Just try creating a new project in Project Designer. Don't add anything new - just save and then generate the project. Compile and upload. You should then find your motors turn backwards and forwards.
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Offline Webbot

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Re: uBotino, a micro robot board
« Reply #25 on: October 10, 2010, 09:12:15 AM »
One other observation about your schematic (and it applies to a lot of other boards as well).

The MISO, MOSI and SCK lines are used by the ISP programmer but are also available as header pins to plug in other devices. This can cause problems that you should be aware of:-

1. If you have a servo plugged into these lines (or any other device that receives inputs) then when you are programming the chip then these programming signals are also sent out to that device. Make sure you don't blow the servos !! To be safe you should disconnect other hardware from these pins whilst programming.

2. If you have another device that sends outputs to your board then you now have a contention whilst programming. Both the programmer and the other device will be trying to control the wires. At best the programmer may not work, at worst you may blow the programmer or the other device. One hardware solution is to add a resistor (1k to 4k7) in series from the processor pin to the pin header used by the other device. This makes sure the ISP drives the pins and isolates the other device. See ATmels application note http://www.atmel.com/dyn/resources/prod_documents/doc0943.pdf page 3.

Other solutions I have seen mentioned are to have a tri-state buffer between the processor pins and the non-ISP header pins that re-use them. When the processor is in programming mode then the buffer is tri-stated to effectively disconnect the other devices.

Just throwing this out there for consideration and in case you get problems reported by users.

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Offline Ro-Bot-XTopic starter

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Re: uBotino, a micro robot board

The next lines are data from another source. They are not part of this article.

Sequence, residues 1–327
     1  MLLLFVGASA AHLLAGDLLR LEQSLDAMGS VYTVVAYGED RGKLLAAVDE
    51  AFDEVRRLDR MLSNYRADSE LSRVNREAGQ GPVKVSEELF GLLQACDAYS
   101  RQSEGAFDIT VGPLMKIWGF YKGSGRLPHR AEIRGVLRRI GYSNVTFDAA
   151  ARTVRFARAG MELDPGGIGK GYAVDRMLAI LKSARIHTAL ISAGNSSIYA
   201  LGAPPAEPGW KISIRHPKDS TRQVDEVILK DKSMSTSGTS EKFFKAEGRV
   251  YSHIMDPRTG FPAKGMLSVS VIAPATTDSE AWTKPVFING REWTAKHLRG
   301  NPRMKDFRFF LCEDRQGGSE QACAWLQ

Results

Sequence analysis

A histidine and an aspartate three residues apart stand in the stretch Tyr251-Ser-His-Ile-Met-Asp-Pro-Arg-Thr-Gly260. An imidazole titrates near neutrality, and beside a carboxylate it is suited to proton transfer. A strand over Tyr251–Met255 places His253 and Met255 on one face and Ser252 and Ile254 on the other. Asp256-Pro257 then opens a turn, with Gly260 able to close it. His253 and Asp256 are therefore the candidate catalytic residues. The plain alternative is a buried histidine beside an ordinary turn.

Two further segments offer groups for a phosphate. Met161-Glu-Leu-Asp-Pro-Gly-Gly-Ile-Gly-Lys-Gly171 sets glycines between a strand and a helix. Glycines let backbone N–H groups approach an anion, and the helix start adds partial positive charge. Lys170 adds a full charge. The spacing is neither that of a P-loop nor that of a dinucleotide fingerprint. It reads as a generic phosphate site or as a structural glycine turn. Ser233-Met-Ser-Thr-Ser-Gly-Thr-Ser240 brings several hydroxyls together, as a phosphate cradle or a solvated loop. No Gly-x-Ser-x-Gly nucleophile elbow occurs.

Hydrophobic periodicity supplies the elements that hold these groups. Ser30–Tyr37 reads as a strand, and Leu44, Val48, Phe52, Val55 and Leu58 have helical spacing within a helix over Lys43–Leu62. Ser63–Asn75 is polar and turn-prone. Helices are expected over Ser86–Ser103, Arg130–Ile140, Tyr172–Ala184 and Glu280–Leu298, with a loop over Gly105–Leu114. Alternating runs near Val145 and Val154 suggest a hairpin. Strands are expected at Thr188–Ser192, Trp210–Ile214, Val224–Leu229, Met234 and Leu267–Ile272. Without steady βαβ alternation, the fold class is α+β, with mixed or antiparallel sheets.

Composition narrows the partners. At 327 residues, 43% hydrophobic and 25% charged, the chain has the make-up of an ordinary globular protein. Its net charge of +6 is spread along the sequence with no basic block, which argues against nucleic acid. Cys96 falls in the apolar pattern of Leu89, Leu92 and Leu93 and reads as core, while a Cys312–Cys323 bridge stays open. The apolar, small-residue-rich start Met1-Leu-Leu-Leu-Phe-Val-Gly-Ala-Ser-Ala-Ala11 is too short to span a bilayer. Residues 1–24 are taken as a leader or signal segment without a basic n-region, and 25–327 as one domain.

« Reply #26 on: October 10, 2010, 05:03:16 PM »
Quote
Note that Version 1.27 has been released along with support for the uBotino (including new motor drivers for the way you've configured the motor controller).
Just try creating a new project in Project Designer. Don't add anything new - just save and then generate the project. Compile and upload. You should then find your motors turn backwards and forwards.

I did that and it works perfectly. Thanks!

The thing with the shared I/O lines with the programmer, I just remove the jumper that selects the power to the servos while programming with the hardware programmer. Most of the time I use the bootloader so it doesn't bother me, but I see what you mean. I'm not sure I can cram in everything on the same size board without going SMD. I'll look into SIP resistors, perhaps I can work something out.

Thanks again! It's good to see what problems might appear. A beginner may make a lot of mistakes. Even an advanced user might have mishaps.
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Re: uBotino, a micro robot board
« Reply #27 on: November 08, 2010, 06:11:05 PM »
You can now buy the uBotino PCB and kit from my webstore.

Version 2 of the board brings little change, just the motor connectors were moved to make room for the 22pF capacitors so people can use a crystal instead of a ceramic resonator. The kit includes a crystal and ATmega328. I have 8 kits remaining in stock, then I don't know if I can supply the microcontroller as I can't find it at a good price anymore.

You will also find in the store the Robot Builder's Shield for Arduino, which was designed for people that already have an Arduino and want to build a robot with it easier. It has mostly the same functionality as the uBotino. Version 2 of the shield brings a prototyping area, filtering capacitors, a Power switch and a jumper to transfer power from the battery to Arduino Vin pin.

Here are pictures of the 2 boards:
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Re: uBotino, a micro robot board
« Reply #28 on: November 30, 2010, 12:44:41 AM »
Hi Ro-Bot-X, I just received your kit in the mail today - psyched to build it! Your guide/manual only includes information on how to get it programmed in the Arduino environment. Any information on how to get it running with WebbotLib? If I've missed something trivial, let me know - but I just finished my $50 robot and am new to WebbotLib.

Also, is http://www.sparkfun.com/products/718 this what I'll need to load my C program to the board? I am using OS X for development...

Thanks!
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Offline Ro-Bot-XTopic starter

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Re: uBotino, a micro robot board
« Reply #29 on: November 30, 2010, 06:22:50 AM »
You're welcome. The WebbotLib tutorial is in the works, so wait a little and you'll have it. As for the FTDI programmer, I am using this one: http://www.sparkfun.com/products/10008 (I soldered a female header to it), or you can get this one: http://www.sparkfun.com/products/9716 or the cable: http://www.sparkfun.com/products/9718. They need to be at 5V and have that special pinout that works with all their Arduino boards and xBees.